The Betrayal by Helen Dunmore
|The Betrayal by Helen Dunmore|
|Genre: Literary Fiction|
|Reviewer: George Care|
|Summary: A novel of moving insight into a warm relationship lived against the dramatic backdrop of Leningrad in the repressive period of Stalin’s final purge.|
|Buy? Yes||Borrow? Yes|
|Pages: 336||Date: April 2010|
|Publisher: Fig Tree|
Andrei is a perceptive and deeply conscientious doctor, a young rheumatologist and paediatrician working in a Leningrad hospital just after the terrible siege, during the last days of Stalin’s dictatorship. He is as quick to notice symptoms in his colleagues as in his young patients. When he is approached by Russov, a fellow physician, he registers his confrere’s pervading smell of fear. This is all part of the pathology of the times; life as it is lived under a tyrannical dictatorship. A dictatorship determined to pursue a purge – a vendetta directed against doctors, particularly Jewish doctors. The sweating Russov manages to inveigle Andrei Aleksayev into treating a very sick child, Gorya, the son of Volkhov, who is a tyrannical and high ranking secret police officer. Therapeutic failure, in all probability, could result in vengeance, arrest and devastating effects on Andrei’s loving wife Anna and her young adolescent brother, Kolya.
Andrei, a principled and conscientious clinician agrees to see Gorya even though the case lies outside his own field, which Russov must have known since he had already had the boy’s leg X-rayed. There is a pervading atmosphere of deception. Andrei must call in Brodskaya, a brilliant orthopaedic surgeon and oncologist. She is also Jewish and this is sufficient to incite Volkov, especially as amputation becomes necessary and even this may not be sufficient to halt the rapid spread of cancer.
Anna attempts to maintain normality for her family, despite continual pressures and targets imposed upon her in her own work as a nursery assistant. She struggles to protect her younger brother who is struggling, like herself, to overcome the memories and effects of starvation during the siege, but she's fostering Kolya’s talent as a pianist and composer. There are intense pressures in their little two room flat where the neighbours are ever ready to denounce any sign of anti-social activity. It's a struggle to provide nourishing soups, make dresses and to soften with her feminine creativity Andrei’s life. She also inspires poetic passages in this novel as she encourages him to join her summer walks beside the Neva or visits to restore the family's dacha, which has been vandalised so recently by German soldiers. She is also desperate to conceive the child that she knows Andrei would deeply love them to have.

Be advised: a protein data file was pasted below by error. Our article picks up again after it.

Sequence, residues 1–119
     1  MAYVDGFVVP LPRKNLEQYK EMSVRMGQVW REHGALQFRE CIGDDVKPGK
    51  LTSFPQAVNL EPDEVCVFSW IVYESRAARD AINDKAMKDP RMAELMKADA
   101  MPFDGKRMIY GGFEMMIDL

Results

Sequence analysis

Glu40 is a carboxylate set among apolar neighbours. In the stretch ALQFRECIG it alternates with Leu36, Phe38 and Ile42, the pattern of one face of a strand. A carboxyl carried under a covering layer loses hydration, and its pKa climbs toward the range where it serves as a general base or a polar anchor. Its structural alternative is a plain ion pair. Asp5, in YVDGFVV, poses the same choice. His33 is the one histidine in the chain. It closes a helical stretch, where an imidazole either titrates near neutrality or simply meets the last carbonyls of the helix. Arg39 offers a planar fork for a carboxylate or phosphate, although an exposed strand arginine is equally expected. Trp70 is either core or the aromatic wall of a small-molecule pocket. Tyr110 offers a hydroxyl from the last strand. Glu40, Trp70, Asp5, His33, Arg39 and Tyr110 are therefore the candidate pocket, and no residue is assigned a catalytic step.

Memory and the interpenetration of the past with the present are subtexts in this moving story. Anna is powerfully driven to preserve and protect her dissident father’s literary works. She lives, like him, in constant fear of the hammering blows on her door at dawn that signify imminent arrest; an arrest which appears more and more likely as her husband is unable to alleviate the increasingly desperate condition of Volkov’s son.
Throughout this fast paced and heart rending novel, Helen Dunmore gives us a lyrical sense of place. We see Kolya chopping wood, uprooting potatoes and watering little lilacs on the plot next to the dacha. Andrei is inspired by haunting memories of the scented air of the taiga with its smells of resin and the tang of wild berries. Yet against this soulful ambience, and heightened dramatically by the contrast with it, the grim reality is described. Harrowing accounts of the stark and brutal treatment meated out during interrogations in the Lubyanka, the solitary detention of prisoners and their subsequent transit into exile, delineate the harsh realities of Soviet repression. This is a worthy successor to ‘The Siege’ with an evolving and developing insight into the individuals in the earlier book.
Dunmore has effectively used the information that has emerged so recently from archives into The Doctor’s Plot of 1952, brought about by Stalin’s paranoid belief that every Jew was a potential spy, after the previous elimination in 1948, of the Jewish Anti-Fascist Committee. This thorough research supports and strengthens the other salient feature of the novel, which is its compelling characterisation.
Upon finishing the novel, the reader will have encountered the nurturing kindness of Kostya, the elderly doctor and neighbour at the dacha who spreads the integrity of her personal warmth by simple gestures like lighting the iron stove and reassuring Anna with her own skilful infant care. How she contrasts with the cold harridan Sonya Maslova, the wife of the senior consultant that Andrei admires, but who has aligned herself with the repressive regime. Indeed the novel produces other engaging contrasts. Central is that between Kolya, on the verge of manhood and the unfortunate Gorya whose illness precipitates this tragedy and their respective families.
The Betrayal is an impressive novel that shows the enduring courage, which with time, eventually brings the slow melting of a regime of terror. This is reflected on a personal level as Anna presciently notes the damp patches beneath the icicles on the dacha roof that indicate the approach of the Russian spring. These matters remind the reader of the vigilance needed to preserve and protect freedom and associated human values.
I'd like to thank Penguin Books under The Fig Tree imprint for sending a copy to The Bookbag.
If this book appeals then you might like to try The Glass Room by Simon Mawer, or, for a factual look at the period Moscow 1941: A City and Its People at War by Rodric Braithwaite.
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